I was listening to my favorite podcast today, and Rob Lowe was the guest, and he spoke about some of his achievements, downfalls, and scandals and while he was talking he said to ask yourself better questions.
That phrase stopped me in my tracks (well it would have had I not been driving)
This is a way of reacting to the world that I hadn't thought of, but as someone who recently has become more confident a little more open that phrase stuck with me. I repeated it in my head on my drive home over and over and over again.
Ask yourself better questions and your brain will give you better answers. An example that was given was:
Q: Why did that fail?
A: Because I'm a piece of garbage.
So to rephrase that so your brain would give you a better answer (and my brain gets a lot darker than "piece of garbage", but for readers sake I won't go there)
Q: What did I learn from that failure that I can use later?
A: All sorts of things, let me list them! (says your much happier brain)
Now, of course those were the examples given and I'm sure there are many ways to rephrase things so your head doesn't give you the "wrong" answers or the sad answers.
As I was repeating this in my head on my way home, I was wondering how I could apply this to my art practice. How I can rewire how I think about failures both commercially and personally. Many people say you learn more from the mistakes you make than from your successes, there are a ton of famous quotes from famous people about failure and how it helped them succeed, but how can you go from a true failure to a true success? And how can you keep the failure lessons in your back pocket without having them weigh you down?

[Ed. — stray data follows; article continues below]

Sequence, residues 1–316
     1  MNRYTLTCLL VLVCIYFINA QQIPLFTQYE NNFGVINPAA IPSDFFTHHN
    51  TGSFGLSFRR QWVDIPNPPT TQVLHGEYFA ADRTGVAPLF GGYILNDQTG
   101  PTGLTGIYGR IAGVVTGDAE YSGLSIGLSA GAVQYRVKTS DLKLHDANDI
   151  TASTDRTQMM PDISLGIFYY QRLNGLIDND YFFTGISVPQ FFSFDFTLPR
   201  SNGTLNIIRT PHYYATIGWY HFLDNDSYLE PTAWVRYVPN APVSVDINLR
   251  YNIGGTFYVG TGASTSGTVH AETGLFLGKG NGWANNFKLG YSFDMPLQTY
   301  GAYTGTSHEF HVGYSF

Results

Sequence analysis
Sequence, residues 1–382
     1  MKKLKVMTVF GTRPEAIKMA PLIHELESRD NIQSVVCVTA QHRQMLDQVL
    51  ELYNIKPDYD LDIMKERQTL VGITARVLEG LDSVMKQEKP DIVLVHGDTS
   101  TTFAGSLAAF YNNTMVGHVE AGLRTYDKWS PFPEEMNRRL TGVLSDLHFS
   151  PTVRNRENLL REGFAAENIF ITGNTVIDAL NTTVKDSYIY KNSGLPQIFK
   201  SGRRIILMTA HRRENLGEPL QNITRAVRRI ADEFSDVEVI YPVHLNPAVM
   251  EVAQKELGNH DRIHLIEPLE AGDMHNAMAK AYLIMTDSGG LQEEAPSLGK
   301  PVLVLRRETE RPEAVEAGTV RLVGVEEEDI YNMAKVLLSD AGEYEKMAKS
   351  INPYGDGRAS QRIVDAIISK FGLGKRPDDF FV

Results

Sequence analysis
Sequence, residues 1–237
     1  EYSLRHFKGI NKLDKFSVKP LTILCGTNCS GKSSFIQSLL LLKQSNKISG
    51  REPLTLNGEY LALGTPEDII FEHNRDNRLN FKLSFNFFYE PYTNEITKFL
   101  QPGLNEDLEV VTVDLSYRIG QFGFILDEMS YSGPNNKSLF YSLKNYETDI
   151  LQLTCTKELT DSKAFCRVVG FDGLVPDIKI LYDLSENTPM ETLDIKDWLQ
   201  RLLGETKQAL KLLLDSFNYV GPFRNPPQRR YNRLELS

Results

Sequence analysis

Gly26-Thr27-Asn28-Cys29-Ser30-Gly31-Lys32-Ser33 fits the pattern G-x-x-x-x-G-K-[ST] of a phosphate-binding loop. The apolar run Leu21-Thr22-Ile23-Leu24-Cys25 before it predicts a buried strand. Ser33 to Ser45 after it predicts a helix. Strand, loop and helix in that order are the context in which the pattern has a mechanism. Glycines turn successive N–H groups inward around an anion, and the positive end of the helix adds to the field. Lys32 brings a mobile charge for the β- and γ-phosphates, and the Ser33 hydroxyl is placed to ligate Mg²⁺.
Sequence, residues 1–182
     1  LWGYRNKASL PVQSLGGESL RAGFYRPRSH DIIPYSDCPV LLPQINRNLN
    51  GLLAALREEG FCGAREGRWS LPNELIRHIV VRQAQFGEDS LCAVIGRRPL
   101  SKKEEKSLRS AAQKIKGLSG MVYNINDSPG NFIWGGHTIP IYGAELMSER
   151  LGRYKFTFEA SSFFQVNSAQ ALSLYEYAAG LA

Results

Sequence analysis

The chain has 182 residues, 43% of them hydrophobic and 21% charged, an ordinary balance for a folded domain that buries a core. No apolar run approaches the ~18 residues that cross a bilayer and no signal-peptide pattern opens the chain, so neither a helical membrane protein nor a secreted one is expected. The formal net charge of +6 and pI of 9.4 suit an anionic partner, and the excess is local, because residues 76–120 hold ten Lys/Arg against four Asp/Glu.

Those are really hard questions, and I'm not sure anything I come up with tonight will be a good enough answer, but I feel like the actual theme for this blog is "Brianne starts out with a question, tries to answer it and ends up more confused". And that's okay with me I'm comfortable in the confusion, I almost relish it. I like looking for answers. I think, for me at least, the answer is do it again. Do it again and don't feel guilty about having to do it again. That's something that I have to work on, I have to realize that very few people can shoot one roll of film and have an entire series, it just doesn't work like that. No one is perfect the first time around, and no one is perfect the 100th time around. I think in art, and in life, there's a lot of letting things go, and the happiest people I know are really good at letting the tough stuff go and keeping the good stuff at the forefront.
That's my new goal. Ask myself better questions so I get better answers from my brain. I'm a smart person, and the people around me are incredibly intelligent therefore we are all able to rephrase our questions to ourselves.